Stillaguamish wetland restoration expands with state cooperation

stilly pillchuck plantingARLINGTON — The state Department of Transportation (DOT) and a crew of inmates are helping the Stillaguamish Tribe restore 40 acres of floodplain adjacent to Interstate 5.

The tribe acquired the parcel of land along Pilchuck Creek with plans to restore wetland habitat. The state offered to contribute to the project, because it needed to mitigate for 2 acres of wetlands that would be destroyed during planned safety and congestion improvements to Highway 532.

During the past 100 years, the land around the creek near its confluence with the mainstem Stillaguamish River was cleared, graded, farmed and turned into a dirt bike track. The banks of the creek were hardened and pushed closer to the water, constraining the channel.

“We were just going to plug the ditches and contour the fields so there were high and low spots,” said Pat Stevenson, environmental manager for the tribe. “DOT is paying for a more elaborate wetland project than we proposed.”

With DOT’s support, the project expanded to include more extensive ditch filling, earth moving and planting. Up to 15 acres of new wetlands will be created, some of which will be banked by the state to mitigate for future improvements.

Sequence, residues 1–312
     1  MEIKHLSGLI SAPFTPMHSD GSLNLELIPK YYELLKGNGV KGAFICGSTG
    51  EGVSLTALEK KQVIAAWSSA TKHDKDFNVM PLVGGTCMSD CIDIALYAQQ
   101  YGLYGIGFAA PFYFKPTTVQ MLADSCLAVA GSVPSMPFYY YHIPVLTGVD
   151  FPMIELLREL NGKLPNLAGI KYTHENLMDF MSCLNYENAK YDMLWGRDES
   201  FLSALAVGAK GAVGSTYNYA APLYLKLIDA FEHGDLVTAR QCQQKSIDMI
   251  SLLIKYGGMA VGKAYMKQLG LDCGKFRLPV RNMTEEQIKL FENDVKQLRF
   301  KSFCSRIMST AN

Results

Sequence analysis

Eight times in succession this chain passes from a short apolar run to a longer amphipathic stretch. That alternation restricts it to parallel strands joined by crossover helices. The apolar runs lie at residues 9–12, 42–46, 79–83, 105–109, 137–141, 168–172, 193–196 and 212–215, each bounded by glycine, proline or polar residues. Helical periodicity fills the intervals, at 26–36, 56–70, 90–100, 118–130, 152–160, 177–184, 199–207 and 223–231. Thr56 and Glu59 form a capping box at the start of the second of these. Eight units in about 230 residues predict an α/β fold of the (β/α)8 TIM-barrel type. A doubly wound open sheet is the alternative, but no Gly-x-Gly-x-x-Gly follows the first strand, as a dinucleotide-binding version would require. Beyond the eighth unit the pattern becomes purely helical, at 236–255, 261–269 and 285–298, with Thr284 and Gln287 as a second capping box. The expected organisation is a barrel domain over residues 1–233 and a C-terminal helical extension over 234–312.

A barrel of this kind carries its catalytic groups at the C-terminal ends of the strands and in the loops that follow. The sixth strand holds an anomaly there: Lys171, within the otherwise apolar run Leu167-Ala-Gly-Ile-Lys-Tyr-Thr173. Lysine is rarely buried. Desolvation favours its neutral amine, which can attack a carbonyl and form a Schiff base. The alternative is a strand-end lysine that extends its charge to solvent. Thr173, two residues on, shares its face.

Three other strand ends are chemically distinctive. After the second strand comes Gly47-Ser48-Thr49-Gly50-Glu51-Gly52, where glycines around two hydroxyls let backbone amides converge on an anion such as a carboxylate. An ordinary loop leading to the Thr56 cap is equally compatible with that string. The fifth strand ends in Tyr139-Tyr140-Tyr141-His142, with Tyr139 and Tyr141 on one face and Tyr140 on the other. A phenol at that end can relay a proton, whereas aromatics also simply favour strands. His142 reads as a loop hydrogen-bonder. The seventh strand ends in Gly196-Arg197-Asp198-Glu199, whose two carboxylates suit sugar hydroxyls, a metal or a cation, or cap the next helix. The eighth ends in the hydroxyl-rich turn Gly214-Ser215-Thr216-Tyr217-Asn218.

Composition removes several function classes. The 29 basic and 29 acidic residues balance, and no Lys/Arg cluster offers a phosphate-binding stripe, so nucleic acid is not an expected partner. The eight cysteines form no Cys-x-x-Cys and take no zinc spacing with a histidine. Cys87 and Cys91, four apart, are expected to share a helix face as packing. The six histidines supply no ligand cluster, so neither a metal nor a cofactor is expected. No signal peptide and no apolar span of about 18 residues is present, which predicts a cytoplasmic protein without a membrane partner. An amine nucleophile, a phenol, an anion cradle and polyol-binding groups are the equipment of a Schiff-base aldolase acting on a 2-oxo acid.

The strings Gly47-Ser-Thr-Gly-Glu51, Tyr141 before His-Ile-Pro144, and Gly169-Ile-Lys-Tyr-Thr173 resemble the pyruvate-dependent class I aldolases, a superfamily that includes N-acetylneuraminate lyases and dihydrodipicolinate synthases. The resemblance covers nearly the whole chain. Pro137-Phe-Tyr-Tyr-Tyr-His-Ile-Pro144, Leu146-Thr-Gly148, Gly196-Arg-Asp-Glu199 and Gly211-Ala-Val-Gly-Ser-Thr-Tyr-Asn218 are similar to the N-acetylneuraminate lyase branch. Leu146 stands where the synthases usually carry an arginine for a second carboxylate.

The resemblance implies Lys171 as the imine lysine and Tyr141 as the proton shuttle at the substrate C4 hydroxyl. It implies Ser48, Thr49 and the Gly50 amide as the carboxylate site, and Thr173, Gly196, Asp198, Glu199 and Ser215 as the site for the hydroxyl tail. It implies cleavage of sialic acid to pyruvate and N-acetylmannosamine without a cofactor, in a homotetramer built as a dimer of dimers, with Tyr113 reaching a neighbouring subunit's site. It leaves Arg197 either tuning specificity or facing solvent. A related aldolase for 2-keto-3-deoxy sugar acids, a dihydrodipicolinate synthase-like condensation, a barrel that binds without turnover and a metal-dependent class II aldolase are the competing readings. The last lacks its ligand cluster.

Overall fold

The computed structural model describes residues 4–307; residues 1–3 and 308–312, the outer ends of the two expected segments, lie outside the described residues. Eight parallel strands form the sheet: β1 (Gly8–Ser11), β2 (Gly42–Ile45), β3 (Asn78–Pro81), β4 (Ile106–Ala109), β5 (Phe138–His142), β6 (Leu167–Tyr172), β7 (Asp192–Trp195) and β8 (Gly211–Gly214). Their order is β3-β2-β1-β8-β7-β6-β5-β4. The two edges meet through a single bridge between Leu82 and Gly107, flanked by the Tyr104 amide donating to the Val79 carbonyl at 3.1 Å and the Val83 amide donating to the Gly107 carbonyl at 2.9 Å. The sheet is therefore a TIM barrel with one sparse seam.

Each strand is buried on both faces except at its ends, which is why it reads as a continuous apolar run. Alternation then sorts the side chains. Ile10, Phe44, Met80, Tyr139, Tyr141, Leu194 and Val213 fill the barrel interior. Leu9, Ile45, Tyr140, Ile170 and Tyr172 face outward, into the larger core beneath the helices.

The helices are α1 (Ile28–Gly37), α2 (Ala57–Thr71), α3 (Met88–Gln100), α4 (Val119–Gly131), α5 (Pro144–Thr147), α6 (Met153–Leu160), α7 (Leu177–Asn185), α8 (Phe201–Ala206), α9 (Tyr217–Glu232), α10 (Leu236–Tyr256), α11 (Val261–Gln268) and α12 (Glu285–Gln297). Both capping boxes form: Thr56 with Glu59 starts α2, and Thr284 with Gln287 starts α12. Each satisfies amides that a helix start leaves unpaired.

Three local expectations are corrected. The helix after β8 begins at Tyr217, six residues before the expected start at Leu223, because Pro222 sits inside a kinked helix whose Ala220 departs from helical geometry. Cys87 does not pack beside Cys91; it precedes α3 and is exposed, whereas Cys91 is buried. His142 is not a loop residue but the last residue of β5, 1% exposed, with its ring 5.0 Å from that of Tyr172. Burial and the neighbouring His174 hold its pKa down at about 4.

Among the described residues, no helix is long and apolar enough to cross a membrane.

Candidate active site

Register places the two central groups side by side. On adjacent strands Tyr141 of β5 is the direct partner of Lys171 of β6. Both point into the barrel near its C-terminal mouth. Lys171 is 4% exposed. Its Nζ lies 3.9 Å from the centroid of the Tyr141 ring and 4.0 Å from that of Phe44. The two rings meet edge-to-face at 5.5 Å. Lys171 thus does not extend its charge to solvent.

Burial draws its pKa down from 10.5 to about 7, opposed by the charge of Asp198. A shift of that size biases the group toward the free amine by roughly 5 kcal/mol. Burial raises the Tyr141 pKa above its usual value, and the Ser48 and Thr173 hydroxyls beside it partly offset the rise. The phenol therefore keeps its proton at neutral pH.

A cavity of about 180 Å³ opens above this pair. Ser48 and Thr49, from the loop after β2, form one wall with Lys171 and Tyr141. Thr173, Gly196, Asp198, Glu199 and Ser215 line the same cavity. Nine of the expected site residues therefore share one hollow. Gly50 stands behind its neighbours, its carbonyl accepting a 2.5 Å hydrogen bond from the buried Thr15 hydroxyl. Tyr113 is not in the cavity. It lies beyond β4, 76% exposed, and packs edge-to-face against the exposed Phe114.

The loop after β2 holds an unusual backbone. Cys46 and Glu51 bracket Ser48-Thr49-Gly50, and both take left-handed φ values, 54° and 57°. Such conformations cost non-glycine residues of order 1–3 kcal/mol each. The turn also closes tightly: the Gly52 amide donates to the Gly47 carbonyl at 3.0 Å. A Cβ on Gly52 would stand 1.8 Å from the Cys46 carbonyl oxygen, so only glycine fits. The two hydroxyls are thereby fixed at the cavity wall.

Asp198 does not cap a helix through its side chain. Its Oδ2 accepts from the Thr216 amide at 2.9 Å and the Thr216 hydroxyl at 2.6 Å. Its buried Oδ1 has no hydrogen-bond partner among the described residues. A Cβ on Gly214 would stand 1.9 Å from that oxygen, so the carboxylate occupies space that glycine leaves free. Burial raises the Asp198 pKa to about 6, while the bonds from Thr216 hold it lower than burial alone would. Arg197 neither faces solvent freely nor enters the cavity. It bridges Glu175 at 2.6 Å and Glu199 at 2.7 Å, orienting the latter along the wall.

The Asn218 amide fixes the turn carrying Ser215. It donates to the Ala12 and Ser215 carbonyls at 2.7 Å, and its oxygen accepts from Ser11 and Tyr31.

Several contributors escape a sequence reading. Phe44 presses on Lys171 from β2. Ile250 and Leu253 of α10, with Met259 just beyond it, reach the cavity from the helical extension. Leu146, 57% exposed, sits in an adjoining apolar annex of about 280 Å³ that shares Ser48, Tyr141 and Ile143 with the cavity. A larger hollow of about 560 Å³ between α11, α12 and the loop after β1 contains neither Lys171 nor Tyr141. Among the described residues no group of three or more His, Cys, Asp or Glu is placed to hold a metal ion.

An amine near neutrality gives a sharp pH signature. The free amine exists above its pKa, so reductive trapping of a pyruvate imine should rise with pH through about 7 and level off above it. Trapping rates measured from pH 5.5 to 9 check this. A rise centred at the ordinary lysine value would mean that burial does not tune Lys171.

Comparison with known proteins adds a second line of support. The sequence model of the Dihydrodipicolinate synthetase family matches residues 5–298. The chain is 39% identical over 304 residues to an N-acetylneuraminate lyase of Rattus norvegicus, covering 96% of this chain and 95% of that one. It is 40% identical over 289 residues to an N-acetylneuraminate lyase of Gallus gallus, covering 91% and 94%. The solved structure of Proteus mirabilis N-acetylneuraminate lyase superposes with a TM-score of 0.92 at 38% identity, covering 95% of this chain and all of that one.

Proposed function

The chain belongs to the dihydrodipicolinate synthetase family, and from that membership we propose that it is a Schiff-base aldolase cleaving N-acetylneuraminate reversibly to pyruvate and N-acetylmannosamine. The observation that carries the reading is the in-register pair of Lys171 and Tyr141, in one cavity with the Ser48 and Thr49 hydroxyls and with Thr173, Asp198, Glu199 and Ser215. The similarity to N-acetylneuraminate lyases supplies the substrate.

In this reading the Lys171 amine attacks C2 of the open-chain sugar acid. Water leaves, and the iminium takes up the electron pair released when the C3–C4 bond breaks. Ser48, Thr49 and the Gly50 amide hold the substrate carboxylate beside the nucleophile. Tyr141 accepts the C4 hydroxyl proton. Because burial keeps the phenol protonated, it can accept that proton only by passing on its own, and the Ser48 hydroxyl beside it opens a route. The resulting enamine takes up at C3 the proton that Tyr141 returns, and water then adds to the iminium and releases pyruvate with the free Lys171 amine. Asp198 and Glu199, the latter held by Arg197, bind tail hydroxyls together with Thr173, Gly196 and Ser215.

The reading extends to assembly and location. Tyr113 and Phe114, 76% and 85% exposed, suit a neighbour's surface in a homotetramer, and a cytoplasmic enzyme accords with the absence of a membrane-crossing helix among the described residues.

The Pilchuck Creek restoration will create quality rearing habitat for chinook, coho, chum and pink salmon, steelhead and bull trout. Other features include frog ponds, floodwater storage and wildlife habitat.

A work-release crew of minimum-security inmates from the Snohomish County Jail is planting the newly excavated floodplain with 60,000 plants and shrubs. The tribe has employed an inmate crew for years, but the program was put in jeopardy this past year when the county Department of Corrections restructured.

In a typical year, the riparian crew plants trees and shrubs in about 30 different riparian projects.

“Besides the amount of work they complete, this crew is vital to our grant matching requirements because of the valuable labor they provide,” said Dave Timmer, the tribe’s restoration crew supevisor. “For many reasons, they are difficult to replace.”

Fortunately, the tribe was able to work with the county to reinstate the program.

State Salmon Recovery Board funding is contributing to restoration separate from the mitigation work paid for by the DOT. That portion of the project features a rearing pond, logjams and a new stream channel that connects the pond to Pilchuck Creek.

Tribal funds are paying for a 1,500-foot-long trail between the creek and the wetland, an observation deck and interpretive signs.

For more information, contact: Pat Stevenson, environmental program manager, Stillaguamish Tribe, 360-631-0946 or [email protected]; Kari Neumeyer, information officer, Northwest Indian Fisheries Commission, 360-424-8226 or [email protected].

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